Research interests

Microwell Cell Arrays

Reverse transfection on cell arrays is a high throughput method for parallel transfection of mammalian cells. GFP tagged cDNAs or small interfering siRNAs are printed together with a transfection solution at defined locations (spots) on glass slides resulting in “ready to transfect” substrates (solid phase transfection). The dried and “ready to transfect” replicates can be stored for more than 15 months.
Disadvantages of the standard “array” reverse transfection technique are the risk for cross contamination and the lack of reference markers for fully automated screening pipelines. A big drawback of the well based transfection is the limited number of samples (96, 384 or 1536).
For this, we develop microwell cell arrays overcoming the problem of cross contamination by using physically separated cavities on glass slides by a titanium coating hostin 9216 samples.
Reymann J. et al. (2009), Next generation 9216 microwell cell arrays for high content screening microscopy, BioTechniques

Automated correlative microscopy for high content screening

In fluorescence microscopy three major techniques are commonly used for different biological approaches:

Wide field microscopy

  • Pros: robust, rapid, HIGH throughput capable, probe requirements
  • Cons: LOW information content

Confocal microscopy

  • Pros: high information content (3D structural information), medium throughput capable
  • Cons: Bleaching of dyes

Super high resolution microscopy

  • Pros: single molecule resolution
  • Cons: NO screening procedures, probe requirements, no automation (so far)

 

Thus, the "ideal" microscope would combine all the advantages of these techniques and get rid of limitations given by the optical setup.

Within the ViroQuant-CellNetworks RNAi Screening Facility we are developing an advanced screening platform for correlative microscopy. This platform will collect data ranging from high throughput procedures to a single molecular level thus collecting information from phenotypic penetrance to interactions on a molecular level.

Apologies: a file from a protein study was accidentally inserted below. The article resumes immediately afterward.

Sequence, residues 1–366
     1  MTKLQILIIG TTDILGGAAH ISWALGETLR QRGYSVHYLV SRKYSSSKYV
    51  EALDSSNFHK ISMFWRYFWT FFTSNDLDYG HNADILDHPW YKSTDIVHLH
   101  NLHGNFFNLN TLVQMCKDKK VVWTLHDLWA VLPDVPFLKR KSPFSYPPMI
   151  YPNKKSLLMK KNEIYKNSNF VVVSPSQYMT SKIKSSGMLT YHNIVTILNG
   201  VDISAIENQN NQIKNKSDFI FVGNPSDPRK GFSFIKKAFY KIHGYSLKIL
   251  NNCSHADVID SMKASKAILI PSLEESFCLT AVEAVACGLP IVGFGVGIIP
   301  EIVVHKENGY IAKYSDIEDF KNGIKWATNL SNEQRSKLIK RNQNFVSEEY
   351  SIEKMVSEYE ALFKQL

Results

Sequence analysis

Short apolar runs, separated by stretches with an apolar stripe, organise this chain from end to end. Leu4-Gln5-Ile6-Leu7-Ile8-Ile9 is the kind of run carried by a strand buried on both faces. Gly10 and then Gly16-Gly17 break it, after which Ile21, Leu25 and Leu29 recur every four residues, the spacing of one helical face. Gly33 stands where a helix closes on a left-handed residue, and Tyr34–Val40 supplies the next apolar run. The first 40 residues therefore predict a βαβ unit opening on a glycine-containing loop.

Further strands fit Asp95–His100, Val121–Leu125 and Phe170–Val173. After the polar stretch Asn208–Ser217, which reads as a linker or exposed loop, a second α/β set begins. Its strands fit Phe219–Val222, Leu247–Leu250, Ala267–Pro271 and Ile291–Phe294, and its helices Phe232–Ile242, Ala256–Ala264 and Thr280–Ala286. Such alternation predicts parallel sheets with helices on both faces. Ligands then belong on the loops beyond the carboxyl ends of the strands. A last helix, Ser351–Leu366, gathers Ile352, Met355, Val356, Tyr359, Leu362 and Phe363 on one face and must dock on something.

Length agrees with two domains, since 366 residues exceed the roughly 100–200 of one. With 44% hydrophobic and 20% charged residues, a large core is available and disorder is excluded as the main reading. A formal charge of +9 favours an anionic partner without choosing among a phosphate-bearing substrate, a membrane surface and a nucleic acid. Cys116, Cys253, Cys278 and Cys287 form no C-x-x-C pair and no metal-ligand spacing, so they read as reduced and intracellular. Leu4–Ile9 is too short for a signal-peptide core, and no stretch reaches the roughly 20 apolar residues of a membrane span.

Developments and grants

1. nc RNAs gain more and more attention as regulators of gene expression. To get a complete systematic view of biology we need to consider the regulatory potential of ncRNAs to a higher degree. The RNAi screening facility coordinates the BMBF funded “SysTec” project “Functional analysis of non-coding RNAs in living cells, resources and technologies for the systematic high-throughput and high-resolution functional analysis of non-coding RNAs as potential regulators of secretory membrane trafficking”. Partners in the project are 6 scientific groups and two industrial partners. Within this project we will develop strategies and produce molecules for an efficient knock-down of ncRNAs.

2. miRNAs belonging to nc RNAs play a highly recognized role in gene regulation. At the moment bioinformatics mirna target predictions vary enormously. The RNAi screening facility coordinates as well the Baden-Württemberg Stiftung funded project “An integrated high-throughput and super-high resolution platform for fluorescence microscopic analysis of miRNA-targets in living cells”. Partners in the project are 6 scientific groups. We want to establish within this project molecules for labelling miRNAs and mRNAs to detect “real” miRNA-mRNA interactions.

In the course of both projects we will further develop the cell array technology and strengthen correlative light microscopy.

Improvements of the cell array technology

Our goal is to improve the cell-array technology towards high sample numbers per cell array (20.000 spots or more) and reduced cost per screen. Proof of principle results from collaboration with Graffinity Pharmaceuticals GmbH in Heidelberg showed that we could increase by usage of microtiter plate size substrates the number of spots from 384 to 9216 per substrate with reduced risk for cross-contamination. These spots are in addition clearly detectable enhancing the automation capability of those arrays (Reymann et. al, BioTechniques, 2009).

Developments on correlative light microscopy

Wide-field high-throughput microscopy detects cellular changes in a relatively coarse resolution level. Informative details are so far hidden by a lack of resolution at the screening step. For increasing the information content we are planning to build a bridge between low-resolution wide-field microscopy and high resolution STED and STORM microscopy (Johann Engelhard (DKFZ, group Prof. Stefan Hell) and Dr. M. Heilemann) by advanced image processing (F. Hamprecht and K.Rohr).